How did monkeypox start in the US when the first diagnosed patient didn’t leave the country?

When a local man arrived at the Boston emergency room on May 12 with an unusual mix of symptoms, doctors scratched their heads for days.

It resembled monkey pox, a virus that causes symptoms such as fever, muscle aches, and a rash that turns into red, bumpy pustules filled with yellowish fluid.

But the man had not traveled anywhere in the world where monkeypox was endemic.

“The patient … had no history of traveling to areas in Africa where monkeypox has been or contact with animals,” Paul Biddinger, director of the Center for Disaster Medicine at Massachusetts General Hospital, told the ABC News Daily podcast.

“And at that time, there was no history of people diagnosed with monkey pox not having that contact.”

Four days later, reports came in of monkey pox patients in England who had also not traveled to areas in Africa where the disease was endemic.

“We said, ‘Gosh, that’s never happened in the United States before,'” said Dr. biddinger.

“It’s almost never happened in the world before, apart from the recent reports in England, but we really should be pursuing it.”

Paul Biddinger says medical professionals around the world have encountered difficulties diagnosing monkeypox.Delivered

The Boston clinical team moved the patient to a special section of the hospital that was established after the 2014 Ebola outbreak to care for patients with emerging infectious diseases.

Within days, the Centers for Disease Control and Prevention (CDC) confirmed that this was the first case of monkeypox in the United States.

How is the virus spread?

Monkeypox is making headlines because it spreads in an unusual way.

According to Amesh Adalja, a senior scientist at the Johns Hopkins Center for Health Security in Pittsburgh, it is highly likely that visitors from Africa have traveled back to places like the US and UK, where they have spread the virus.

“There were two raves in Belgium – and maybe people from all over the world attended – and that has brought the virus to many different countries,” said Dr. Adalja to ABC News Daily.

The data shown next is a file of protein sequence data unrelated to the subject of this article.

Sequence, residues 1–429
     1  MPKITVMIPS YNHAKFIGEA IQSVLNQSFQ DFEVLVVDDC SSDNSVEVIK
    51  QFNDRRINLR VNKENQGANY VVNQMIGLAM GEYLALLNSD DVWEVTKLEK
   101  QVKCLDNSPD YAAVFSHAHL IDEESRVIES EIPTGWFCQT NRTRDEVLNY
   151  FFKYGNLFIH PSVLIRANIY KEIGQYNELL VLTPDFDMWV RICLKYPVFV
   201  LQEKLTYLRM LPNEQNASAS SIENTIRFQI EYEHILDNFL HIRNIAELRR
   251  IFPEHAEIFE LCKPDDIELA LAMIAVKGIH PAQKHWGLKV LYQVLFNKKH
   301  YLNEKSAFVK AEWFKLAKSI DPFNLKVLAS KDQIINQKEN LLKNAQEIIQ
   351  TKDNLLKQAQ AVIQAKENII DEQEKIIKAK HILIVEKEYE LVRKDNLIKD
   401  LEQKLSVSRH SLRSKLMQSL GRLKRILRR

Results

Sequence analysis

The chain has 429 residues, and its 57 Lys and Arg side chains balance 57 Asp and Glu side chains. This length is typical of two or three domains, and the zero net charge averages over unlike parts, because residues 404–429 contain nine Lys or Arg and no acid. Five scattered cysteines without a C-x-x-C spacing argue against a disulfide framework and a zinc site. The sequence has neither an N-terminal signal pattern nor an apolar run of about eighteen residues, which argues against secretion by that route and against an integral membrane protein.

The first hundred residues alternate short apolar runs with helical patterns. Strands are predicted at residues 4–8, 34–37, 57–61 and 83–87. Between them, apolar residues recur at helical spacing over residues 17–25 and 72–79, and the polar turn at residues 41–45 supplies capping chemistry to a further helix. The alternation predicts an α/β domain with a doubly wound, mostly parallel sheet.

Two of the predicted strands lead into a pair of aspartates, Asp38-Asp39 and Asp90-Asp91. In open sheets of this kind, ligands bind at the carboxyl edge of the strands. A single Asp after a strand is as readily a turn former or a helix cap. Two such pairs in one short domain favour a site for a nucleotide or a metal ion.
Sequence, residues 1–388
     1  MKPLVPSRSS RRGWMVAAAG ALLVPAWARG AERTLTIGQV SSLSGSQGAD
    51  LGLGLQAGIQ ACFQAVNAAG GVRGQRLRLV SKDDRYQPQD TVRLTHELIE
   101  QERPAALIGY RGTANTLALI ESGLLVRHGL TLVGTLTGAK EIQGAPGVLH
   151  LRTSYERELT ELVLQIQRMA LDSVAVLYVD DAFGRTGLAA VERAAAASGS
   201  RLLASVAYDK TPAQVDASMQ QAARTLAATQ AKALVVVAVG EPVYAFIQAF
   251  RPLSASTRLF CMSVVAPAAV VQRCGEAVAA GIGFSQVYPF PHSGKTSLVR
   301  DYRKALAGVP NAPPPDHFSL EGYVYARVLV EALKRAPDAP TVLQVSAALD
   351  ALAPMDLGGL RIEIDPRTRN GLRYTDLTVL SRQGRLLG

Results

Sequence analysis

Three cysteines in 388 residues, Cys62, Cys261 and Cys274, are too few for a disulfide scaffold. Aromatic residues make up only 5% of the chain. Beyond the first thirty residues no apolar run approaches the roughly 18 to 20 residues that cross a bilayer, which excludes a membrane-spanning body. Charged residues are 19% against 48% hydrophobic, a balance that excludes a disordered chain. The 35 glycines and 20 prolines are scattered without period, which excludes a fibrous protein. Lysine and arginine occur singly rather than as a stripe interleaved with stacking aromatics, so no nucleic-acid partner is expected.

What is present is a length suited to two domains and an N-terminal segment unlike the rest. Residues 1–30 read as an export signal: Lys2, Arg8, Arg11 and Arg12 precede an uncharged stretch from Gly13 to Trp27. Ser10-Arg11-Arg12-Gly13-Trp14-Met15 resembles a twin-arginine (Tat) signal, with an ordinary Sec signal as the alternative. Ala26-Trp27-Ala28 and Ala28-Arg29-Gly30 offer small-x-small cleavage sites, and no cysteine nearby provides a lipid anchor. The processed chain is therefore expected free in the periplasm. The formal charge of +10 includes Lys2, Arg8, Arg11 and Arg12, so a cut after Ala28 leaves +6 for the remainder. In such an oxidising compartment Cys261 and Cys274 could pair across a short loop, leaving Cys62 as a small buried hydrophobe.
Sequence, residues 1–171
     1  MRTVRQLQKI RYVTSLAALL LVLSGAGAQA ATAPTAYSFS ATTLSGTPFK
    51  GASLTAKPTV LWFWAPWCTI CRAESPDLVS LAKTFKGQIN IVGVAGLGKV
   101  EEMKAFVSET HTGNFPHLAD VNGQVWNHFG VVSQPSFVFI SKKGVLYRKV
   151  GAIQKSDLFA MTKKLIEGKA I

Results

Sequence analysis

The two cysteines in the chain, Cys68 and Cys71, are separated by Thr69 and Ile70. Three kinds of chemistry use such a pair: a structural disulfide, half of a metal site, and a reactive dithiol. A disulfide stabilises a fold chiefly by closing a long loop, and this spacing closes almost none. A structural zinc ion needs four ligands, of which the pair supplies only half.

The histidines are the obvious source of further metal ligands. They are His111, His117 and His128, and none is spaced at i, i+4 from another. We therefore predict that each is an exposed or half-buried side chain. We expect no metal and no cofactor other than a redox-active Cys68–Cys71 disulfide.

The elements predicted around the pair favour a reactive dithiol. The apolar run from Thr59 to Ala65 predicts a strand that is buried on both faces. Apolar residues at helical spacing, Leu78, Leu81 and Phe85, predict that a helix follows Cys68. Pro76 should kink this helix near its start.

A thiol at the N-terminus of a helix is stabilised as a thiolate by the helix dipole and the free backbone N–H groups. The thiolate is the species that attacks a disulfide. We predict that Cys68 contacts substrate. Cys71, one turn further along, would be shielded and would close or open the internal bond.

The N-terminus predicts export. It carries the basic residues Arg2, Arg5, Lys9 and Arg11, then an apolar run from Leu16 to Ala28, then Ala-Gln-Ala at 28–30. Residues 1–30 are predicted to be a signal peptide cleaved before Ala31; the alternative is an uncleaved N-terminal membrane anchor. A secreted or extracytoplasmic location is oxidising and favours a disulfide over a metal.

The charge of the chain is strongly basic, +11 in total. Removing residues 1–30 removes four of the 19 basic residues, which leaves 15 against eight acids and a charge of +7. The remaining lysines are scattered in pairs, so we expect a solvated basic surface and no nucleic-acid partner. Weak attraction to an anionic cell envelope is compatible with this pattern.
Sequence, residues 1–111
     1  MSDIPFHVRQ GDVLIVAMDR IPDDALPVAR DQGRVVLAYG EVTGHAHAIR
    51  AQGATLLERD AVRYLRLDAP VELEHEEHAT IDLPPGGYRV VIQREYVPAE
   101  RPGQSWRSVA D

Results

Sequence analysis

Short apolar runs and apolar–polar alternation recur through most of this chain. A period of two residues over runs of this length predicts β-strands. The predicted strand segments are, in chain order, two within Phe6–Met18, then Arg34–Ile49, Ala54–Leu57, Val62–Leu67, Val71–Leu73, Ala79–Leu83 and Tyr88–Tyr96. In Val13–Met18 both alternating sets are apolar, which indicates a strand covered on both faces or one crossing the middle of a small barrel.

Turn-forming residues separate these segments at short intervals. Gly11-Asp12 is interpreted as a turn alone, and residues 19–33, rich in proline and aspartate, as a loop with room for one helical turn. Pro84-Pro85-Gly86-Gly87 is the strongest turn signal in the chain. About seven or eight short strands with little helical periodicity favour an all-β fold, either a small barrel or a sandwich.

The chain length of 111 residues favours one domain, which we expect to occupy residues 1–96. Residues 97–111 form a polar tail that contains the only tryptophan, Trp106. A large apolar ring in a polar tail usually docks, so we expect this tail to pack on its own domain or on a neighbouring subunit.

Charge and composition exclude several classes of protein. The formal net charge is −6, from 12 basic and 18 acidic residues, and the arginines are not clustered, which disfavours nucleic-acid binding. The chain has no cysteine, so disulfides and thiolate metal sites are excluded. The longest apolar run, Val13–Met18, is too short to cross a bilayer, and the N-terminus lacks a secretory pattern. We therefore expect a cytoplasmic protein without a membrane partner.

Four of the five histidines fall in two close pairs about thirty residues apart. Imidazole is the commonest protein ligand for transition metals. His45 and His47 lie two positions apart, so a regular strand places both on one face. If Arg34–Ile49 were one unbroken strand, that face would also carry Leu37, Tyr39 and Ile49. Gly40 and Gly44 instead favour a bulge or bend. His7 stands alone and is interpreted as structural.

He said the outbreak was also unusual in that it mainly affected a single community group: “men who have sex with other men”.

“So it’s likely that this origin comes from a traveler who somehow passed it on to someone who got it on a social network, … [where it has then been ] reinforced by certain events where people have multiple sexual contacts,” he said.

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Infectious disease expert Sanjaya Senanayake says monkeypox is “on a different scale” than COVID-19.

“It’s been able to exploit the close contact that takes place in those social clusters at raves, in saunas and other places to spread from person to person in a way it hasn’t had a chance to do before.

He said that while monkeypox was not classified as a sexually transmitted disease, it did require close and prolonged body contact with an infectious person to spread.

Doctors never suspected monkey pox

Medical professionals around the world faced the same challenges diagnosing monkeypox as those in Boston, according to Dr. Biddinger of Massachusetts General Hospital.

“Where [the patient] traveled [and] who they’ve been in contact with drives us to think about what’s possible and what isn’t possible,” said Dr. Biddinger.

Because most patients had no clear link to outbreaks in Central and West African countries where the virus is endemic, no one suspected that they could have had monkeypox.

In fact, had it not been for the news of the UK outbreak, US doctors might never have diagnosed monkeypox.

According to the World Health Organization (WHO), monkeypox has now infected more than 780 people in 27 of its member states.

Experts say the risk of monkeypox to the general population remains low.

Disease not at pandemic level

Australia has registered its seventh case of monkey pox, most recently in two men returning to Sydney after traveling together in Europe.

NSW Health is conducting contact tracing but has not identified any high-risk contacts so far.

The WHO said the monkeypox outbreak outside Africa would not lead to a pandemic, but is considering whether the outbreak should be assessed as a “potential public health emergency of international concern”.

Such a statement, like the one made for COVID-19 and Ebola, would help accelerate research and funding to contain the disease.

Last week, it hosted a global research meeting with more than 500 experts, who recommended speeding up research on the virus to better understand the distribution, clinical implications and efficacy of vaccines.

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